For Immediate Release : May 09, 2011

In 2001, her 11-year-old daughter was raped by a pedophile. In 2003, her daughter became further victimized by a prosecutor who advocated on behalf of the minimum sentence for the rapist. On May 11, 2011, Denise Rotheimer will testify on behalf of HB1237, known as the Survivor Rights Act to add enforceable rights that will prevent other victims of violent crimes from becoming further victimized by the system.

In 2003, Rotheimer met with a private attorney to hold the Assistant State's Attorney liable for further victimizing her child throughout the criminal justice system. Several days later the attorney phoned Ms. Rotheimer at work and informed her that she had no cause of action for damages, and faxed a copy of the Rights of Witnesses and Victims of Violent Crimes Act for her review. Rotheimer read through the state statute and was shocked to learn that she and her daughter even had rights as crime victims. "My child had a right to be treated with respect for her dignity! We had a right to hire an attorney to represent us throughout the criminal justice system as though we were a named party at my expense!" Rotheimer cried. As Rotheimer read through the law, she made a disturbing discovery that set the course for the next 8-years of her life.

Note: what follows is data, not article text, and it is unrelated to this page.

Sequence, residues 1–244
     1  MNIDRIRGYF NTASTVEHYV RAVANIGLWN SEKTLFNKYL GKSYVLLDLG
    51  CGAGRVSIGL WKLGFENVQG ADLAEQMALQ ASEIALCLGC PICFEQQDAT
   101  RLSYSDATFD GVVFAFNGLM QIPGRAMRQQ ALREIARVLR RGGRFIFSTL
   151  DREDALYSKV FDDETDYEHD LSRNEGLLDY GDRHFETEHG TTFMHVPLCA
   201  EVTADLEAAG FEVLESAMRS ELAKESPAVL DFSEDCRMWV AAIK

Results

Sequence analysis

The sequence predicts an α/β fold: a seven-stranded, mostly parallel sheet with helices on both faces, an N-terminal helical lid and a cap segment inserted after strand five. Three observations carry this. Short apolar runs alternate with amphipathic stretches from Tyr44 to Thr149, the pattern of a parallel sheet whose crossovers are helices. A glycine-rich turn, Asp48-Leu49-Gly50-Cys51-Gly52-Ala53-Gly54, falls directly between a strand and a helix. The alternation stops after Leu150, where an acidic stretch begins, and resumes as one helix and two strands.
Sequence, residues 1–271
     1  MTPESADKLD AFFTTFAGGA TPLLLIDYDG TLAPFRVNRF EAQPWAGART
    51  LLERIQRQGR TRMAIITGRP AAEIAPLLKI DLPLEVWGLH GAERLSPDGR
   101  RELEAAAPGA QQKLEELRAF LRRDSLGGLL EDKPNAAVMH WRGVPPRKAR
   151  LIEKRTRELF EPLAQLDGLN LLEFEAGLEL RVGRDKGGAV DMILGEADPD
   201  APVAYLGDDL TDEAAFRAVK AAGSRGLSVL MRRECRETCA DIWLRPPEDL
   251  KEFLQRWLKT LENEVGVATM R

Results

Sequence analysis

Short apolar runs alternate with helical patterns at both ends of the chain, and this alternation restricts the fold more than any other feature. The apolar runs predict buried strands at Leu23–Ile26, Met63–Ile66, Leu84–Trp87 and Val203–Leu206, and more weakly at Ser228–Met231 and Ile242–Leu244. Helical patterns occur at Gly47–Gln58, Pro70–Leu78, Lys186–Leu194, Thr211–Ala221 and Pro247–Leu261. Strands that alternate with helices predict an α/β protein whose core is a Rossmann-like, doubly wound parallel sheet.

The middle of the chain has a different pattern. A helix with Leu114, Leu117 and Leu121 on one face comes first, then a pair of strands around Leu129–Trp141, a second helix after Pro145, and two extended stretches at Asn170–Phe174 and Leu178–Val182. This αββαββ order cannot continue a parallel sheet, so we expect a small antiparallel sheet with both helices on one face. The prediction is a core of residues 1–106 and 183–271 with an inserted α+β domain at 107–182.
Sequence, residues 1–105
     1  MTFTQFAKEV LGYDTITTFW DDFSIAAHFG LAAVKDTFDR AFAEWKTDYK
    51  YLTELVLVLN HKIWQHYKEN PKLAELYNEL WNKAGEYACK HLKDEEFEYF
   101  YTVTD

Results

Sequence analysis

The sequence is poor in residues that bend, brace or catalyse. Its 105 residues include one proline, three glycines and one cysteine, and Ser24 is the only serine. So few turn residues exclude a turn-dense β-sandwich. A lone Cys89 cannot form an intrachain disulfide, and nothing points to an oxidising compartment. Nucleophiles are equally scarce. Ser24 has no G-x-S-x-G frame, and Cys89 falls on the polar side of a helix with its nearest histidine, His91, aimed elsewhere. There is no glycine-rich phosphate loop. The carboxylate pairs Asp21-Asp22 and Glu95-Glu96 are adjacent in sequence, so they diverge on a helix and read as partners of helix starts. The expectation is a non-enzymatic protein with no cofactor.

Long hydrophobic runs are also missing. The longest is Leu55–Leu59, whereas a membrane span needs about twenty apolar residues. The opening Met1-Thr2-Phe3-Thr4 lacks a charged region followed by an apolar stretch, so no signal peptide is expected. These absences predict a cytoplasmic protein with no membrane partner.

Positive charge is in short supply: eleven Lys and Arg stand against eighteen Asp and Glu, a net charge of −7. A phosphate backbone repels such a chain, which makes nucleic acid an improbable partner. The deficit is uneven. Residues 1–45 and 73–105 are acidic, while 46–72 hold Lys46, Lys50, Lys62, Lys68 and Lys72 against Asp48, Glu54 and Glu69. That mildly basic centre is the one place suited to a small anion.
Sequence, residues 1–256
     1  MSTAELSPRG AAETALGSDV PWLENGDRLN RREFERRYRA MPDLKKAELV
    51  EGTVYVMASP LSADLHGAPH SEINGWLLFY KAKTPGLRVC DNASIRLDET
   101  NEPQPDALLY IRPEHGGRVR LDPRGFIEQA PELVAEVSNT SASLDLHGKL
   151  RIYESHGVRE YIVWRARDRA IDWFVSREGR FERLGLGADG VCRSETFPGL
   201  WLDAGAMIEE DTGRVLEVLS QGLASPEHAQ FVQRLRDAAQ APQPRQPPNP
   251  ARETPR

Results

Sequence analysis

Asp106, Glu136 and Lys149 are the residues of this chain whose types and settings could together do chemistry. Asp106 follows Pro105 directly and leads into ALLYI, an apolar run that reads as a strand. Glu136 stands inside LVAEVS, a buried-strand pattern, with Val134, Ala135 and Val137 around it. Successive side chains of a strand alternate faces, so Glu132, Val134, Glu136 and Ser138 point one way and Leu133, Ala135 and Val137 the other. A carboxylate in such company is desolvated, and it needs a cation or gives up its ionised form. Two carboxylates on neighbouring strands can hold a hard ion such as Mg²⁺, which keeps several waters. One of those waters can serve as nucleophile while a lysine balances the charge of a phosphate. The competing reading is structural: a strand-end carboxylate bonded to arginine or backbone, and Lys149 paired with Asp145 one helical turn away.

With no other means to file a redress for her grievances, Ms. Rotheimer approached her state representative and requested he amend the Rights of Crime Victims and Witnesses Act to allow victims a cause of action for damages and attorneys fees, a sign-off sheet to verify a victimís receipt of their rights, and appellate relief. In 2004 and 2006 Representative Churchill filed a bill in the House based on Rotheimer's criteria that she later named, the Survivor Rights Act. Both bills died in rules committee and never made it to the House floor for a vote.

In 2008 initiated Jasmine's Law, named after her daughter, and doubles sentencing for child sex offenders while the victim was under the influence of alcohol. Jasmine's Law was signed by Governor Quinn and became effective on January 1, 2011. Rotheimer could not rest knowing that crime victims were still at risk of becoming further victimized and immediately returned to work and initiated the Survivor Rights Act. On 4/15/2011 HB1237, known as the Survivor Rights Act passed the House floor unanimously. Rotheimer is confident that the Survivor Rights Act will pass the Criminal Law committee and also receive unanimous support on the Senate floor. "I can finally rest knowing that victims of violent crimes will have the same guarantee and equal protection under the laws that defendants enjoy."


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